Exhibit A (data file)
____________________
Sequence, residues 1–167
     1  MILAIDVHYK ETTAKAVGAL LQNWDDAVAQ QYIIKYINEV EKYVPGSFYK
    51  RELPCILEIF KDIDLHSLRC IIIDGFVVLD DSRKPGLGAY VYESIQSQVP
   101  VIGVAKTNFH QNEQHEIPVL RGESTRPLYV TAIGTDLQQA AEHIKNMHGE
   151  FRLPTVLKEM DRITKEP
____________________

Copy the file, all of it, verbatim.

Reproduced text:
Sequence, residues 1–167
     1  MILAIDVHYK ETTAKAVGAL LQNWDDAVAQ QYIIKYINEV EKYVPGSFYK
    51  RELPCILEIF KDIDLHSLRC IIIDGFVVLD DSRKPGLGAY VYESIQSQVP
   101  VIGVAKTNFH QNEQHEIPVL RGESTRPLYV TAIGTDLQQA AEHIKNMHGE
   151  FRLPTVLKEM DRITKEP